Trump Backed Space Force After Lobbying by Aerospace Industry-Linked Officials

Former Apollo 17 astronaut Jack Schmitt hands a figurine to President Donald Trump after he signed a policy directive to send American astronauts back to the moon, and eventually Mars, in the Roosevelt Room of the White House on Dec. 11, 2017, in Washington. (AP Photo/Evan Vucci)
Former Apollo 17 astronaut Jack Schmitt hands a figurine to President Donald Trump after he signed a policy directive to send American astronauts back to the moon, and eventually Mars, in the Roosevelt Room of the White House on Dec. 11, 2017, in Washington. (AP Photo/Evan Vucci)

WASHINGTON -- When President Donald Trump spoke to Marines at the Miramar Air Station in San Diego March 13, he threw out an idea that he suggested had just come to him.

"You know, I was saying it the other day, because we're doing a tremendous amount of work in space -- I said maybe we need a new force. We'll call it the 'space force,'" he said. "And I was not really serious. And then I said what a great idea  -- maybe we'll have to do that."

The origin of the space force wasn't that simple.

The concept had been pushed unsuccessfully since 2016 by a small group of current and former government officials -- some with deep financial ties to the aerospace industry -- who see creation of the sixth military service as a surefire way to increase Pentagon spending on satellite and other space systems.

The idea of a space force "is not a new thing," said Stuart O. Witt, an aerospace executive and a member of White House's National Space Council Users Advisory Group. "The president just acted upon it."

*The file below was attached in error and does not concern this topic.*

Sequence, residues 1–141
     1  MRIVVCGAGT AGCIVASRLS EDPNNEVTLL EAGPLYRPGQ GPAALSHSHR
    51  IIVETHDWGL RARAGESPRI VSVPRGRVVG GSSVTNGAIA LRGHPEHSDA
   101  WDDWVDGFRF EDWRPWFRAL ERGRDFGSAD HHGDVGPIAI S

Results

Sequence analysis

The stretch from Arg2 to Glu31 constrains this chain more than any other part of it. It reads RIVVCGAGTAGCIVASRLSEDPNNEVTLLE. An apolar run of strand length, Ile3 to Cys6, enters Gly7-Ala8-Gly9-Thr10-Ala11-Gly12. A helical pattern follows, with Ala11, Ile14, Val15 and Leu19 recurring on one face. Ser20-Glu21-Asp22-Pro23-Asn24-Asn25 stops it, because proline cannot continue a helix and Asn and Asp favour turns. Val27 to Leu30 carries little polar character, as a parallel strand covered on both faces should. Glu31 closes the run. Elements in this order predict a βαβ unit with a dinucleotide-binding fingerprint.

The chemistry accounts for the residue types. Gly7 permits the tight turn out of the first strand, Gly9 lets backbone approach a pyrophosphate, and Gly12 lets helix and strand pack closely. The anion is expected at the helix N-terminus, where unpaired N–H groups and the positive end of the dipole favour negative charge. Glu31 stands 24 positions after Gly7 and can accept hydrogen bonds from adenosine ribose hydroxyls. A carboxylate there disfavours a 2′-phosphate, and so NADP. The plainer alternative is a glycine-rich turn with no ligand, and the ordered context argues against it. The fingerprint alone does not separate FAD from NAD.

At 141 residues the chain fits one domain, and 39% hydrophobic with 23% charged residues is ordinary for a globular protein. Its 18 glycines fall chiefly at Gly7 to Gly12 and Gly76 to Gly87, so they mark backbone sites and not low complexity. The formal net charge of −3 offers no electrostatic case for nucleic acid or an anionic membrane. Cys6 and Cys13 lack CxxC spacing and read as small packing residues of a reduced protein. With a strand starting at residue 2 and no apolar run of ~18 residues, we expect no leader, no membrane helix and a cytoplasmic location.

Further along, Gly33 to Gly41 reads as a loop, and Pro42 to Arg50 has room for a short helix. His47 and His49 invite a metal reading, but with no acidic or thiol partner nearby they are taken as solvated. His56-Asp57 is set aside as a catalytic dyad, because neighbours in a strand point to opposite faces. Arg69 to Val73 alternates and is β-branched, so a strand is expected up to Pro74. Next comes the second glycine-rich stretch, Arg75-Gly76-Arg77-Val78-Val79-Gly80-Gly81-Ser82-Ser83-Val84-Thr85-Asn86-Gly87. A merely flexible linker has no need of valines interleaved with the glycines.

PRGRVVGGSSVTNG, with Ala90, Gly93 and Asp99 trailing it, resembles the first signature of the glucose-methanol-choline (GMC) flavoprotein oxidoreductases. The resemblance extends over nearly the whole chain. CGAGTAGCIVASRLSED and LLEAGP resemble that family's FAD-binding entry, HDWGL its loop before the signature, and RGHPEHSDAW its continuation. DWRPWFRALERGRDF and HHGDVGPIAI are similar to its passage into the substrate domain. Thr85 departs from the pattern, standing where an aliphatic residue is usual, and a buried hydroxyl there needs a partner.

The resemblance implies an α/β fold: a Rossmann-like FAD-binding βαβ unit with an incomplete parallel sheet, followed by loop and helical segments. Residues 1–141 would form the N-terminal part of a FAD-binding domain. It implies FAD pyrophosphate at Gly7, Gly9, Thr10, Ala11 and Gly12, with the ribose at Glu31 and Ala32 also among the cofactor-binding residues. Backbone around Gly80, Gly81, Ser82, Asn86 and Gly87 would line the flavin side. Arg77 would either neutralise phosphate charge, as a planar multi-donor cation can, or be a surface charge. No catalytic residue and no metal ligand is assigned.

But Rep. Jim Cooper, D-Tenn., one of the early supporters of a separate service, complained that Trump's impromptu endorsement had "hijacked" the issue and could vastly inflate the budget process. "There are many vendors of all types who are excited at the prospect of an explosion of new spending, which was not our goal," he said.

Still, when Trump embraced the idea at Miramar and began promoting it at other rallies, a moribund notion opposed by much of the Pentagon hierarchy and senior members of the Senate became a real possibility.

A few days after the San Diego speech, Trump took a phone call at his Mar-a-Lago resort in Florida from Rep. Mike D. Rogers, R-Ala., who is chairman of the House Armed Services subcommittee on strategic forces. He had been promoting the space force to Trump and his advisers for months.

"This is something we have to do," Rogers said he told Trump. "It's a national security imperative."

"I'm all in," Trump replied, Rogers said. "We are going to have a space force."

The story of how that happened is a window into the chaotic way Trump sometimes makes decisions, often by bypassing traditional bureaucracy to tout ideas that work well as applause lines but aren't fully thought out.

Only Congress can create a new military service, and the administration still has not said what the space force would do, what it would look like or what it would cost. The existing services -- the Army, Navy, Air Force, Marine Corps and Coast Guard -- not only deploy forces. They also run war colleges, recruiting stations, security and vast contracting operations, with costs in the billions of dollars.

Vice President Mike Pence said this month that the administration would send a legislative proposal to Capitol Hill next year and aims to establish a space force by 2020.

Congress has shown little appetite for a costly new expansion of government, especially one that would cut the Air Force budget, a service with powerful backing on Capitol Hill.

Those political headwinds could reduce the space force to a presidential rallying cry, like his unfulfilled vow to build a "big, beautiful wall" on the border with Mexico. But Trump's enthusiasm has clearly provided momentum, exciting proponents who see a rare opportunity to win more attention and resources for space defense.